Mrs. Duberly's War: Journal and Letters from the Crimea, 1854-6

By Frances Isabella Duberly; Christine Kelly | Go to book overview

BIOGRAPHICAL NOTES

Airey. General Sir Richard Airey (1803-81), Quartermaster General, in charge of supplies and transport, was blamed by the press and parliament for the failures of the system during the winter of 1854-5. Although he struggled, unsuccessfully, against the bureaucratic lethargy in London and Balaclava he lacked the determination and energy to break free from the traditional formfilling and procrastination of the commissariat and the independence of mind to set up the emergency systems vital for the army's survival. His brusque manner made him unpopular and Fanny was not alone in thinking him 'a thorough humbug from his cap peak to his spurs'. Friends at first, they later quarreled (and he became 'so ashamed of himself when he sees me – in consequence of one or two little things we tried to transact and failed – that he will ride two miles round to get out of my way'). She expressed her sympathy for him, however, when he was criticised in the government commission of 1856 even while pin-pointing the trait that made him, and many of the general staff, so disliked: 'I cannot help saying I am sorry for Airey – for he is such an agreeable, gentlemanly well bred man – that I do believe he did not know what he had to do, as he was always immensely busy about something or other. And then you know, Society of a certain set, of the higher class, is not given to see the oi polloi except through bandaged eyelids. I think they regard them much as we do sheep or cows that we see out in the wet – we think it is their nature & they are used to it – & so it's all right.'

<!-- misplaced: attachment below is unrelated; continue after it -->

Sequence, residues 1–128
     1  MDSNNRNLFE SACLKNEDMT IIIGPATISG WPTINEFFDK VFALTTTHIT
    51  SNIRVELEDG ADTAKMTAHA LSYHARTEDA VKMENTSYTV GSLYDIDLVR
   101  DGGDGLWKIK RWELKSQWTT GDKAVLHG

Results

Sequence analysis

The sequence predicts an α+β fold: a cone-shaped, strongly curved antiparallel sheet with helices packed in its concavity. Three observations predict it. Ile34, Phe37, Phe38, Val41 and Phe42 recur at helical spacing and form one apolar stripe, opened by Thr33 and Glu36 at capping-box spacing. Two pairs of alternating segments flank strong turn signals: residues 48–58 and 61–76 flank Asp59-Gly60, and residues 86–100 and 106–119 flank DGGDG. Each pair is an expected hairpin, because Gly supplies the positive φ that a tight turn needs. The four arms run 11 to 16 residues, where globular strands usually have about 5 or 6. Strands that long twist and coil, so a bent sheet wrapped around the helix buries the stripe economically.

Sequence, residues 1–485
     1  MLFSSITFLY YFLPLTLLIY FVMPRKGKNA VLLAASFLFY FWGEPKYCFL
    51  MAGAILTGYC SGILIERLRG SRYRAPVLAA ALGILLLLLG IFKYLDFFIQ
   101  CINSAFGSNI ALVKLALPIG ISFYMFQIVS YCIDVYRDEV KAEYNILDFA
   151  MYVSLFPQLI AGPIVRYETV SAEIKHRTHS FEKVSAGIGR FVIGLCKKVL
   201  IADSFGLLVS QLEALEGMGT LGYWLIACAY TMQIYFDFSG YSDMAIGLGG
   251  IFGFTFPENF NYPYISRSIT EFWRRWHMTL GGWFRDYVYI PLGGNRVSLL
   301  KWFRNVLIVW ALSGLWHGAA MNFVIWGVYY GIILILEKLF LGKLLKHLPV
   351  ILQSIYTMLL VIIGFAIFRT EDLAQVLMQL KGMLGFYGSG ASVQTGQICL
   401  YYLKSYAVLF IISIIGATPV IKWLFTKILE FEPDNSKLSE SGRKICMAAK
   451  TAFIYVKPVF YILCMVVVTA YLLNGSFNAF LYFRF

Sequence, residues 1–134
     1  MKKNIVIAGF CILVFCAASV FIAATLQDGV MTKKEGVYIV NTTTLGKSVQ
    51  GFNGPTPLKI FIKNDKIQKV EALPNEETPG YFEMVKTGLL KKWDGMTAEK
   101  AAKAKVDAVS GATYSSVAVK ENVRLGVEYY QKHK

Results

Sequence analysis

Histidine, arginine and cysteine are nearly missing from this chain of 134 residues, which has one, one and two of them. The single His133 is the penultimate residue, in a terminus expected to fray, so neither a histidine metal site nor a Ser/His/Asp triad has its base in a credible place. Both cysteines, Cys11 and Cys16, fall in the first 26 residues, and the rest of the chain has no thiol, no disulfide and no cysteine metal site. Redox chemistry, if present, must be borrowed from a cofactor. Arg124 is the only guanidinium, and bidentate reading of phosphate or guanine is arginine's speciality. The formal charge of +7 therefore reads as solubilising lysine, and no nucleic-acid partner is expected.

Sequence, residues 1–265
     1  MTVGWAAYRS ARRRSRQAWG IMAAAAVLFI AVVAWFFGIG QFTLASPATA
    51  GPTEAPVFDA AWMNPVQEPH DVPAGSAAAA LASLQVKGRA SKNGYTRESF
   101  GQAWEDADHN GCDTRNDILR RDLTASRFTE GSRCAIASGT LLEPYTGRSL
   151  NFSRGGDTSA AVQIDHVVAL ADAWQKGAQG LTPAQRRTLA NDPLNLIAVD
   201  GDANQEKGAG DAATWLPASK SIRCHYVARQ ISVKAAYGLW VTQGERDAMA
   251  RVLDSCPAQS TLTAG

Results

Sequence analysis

Bosquet. General Pierre François Joseph Bosquet was a distinguished battlefield commander whose attack on the Russian left wing at the Alma and timely intervention at Inkerman played major parts in both victories. The Chasseurs d'Afrique he had sent in support of the British cavalry at the battle of Balaclava played a decisive role in covering the retreat of the Light Brigade. During the siege he commanded the Corps of Observation, the 1st and 2nd Divisions, based on the Uplands to protect the rear of the French army from attack by Menshikov. His life-long rivalry with Pelissier, which had begun in Algeria, continued in the Crimea when he failed to pass on to Pelissier a plan of the Russian defences (found in a dead Russian's uniform), and he sent a continual stream of critical reports back to Paris. Matters came to a head on 16 June, when Bosquet criticised Pelissier's plan to attack the Malakoff, rightly fearing huge loss of life if they attacked before the

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Mrs. Duberly's War: Journal and Letters from the Crimea, 1854-6
Table of contents

Table of contents

  • Title Page iii
  • Contents v
  • Maps and Illustrations ix
  • Notes on Endpapers x
  • Chapter 1 - The Voyage 1
  • Chapter 2 - Embarkation and Encampment at Varna 17
  • Chapter 3 - The Expedition to the Crimea 54
  • Chapter 4 - Balaklava October-November 1854 75
  • Chapter 5 - Balaklava December 1854– March 1855 113
  • Chapter 6 - The Camp 154
  • Chapter 7 - The Fall of Sebastopol 200
  • Notes and Commentary 263
  • Biographical Notes 307
  • Appendix I - How the War Began 327
  • Appendix 2 - The Battle of Balaklava 334
  • Books Referred to and Further Reading 343
  • Acknowledgements 345
  • Index 347
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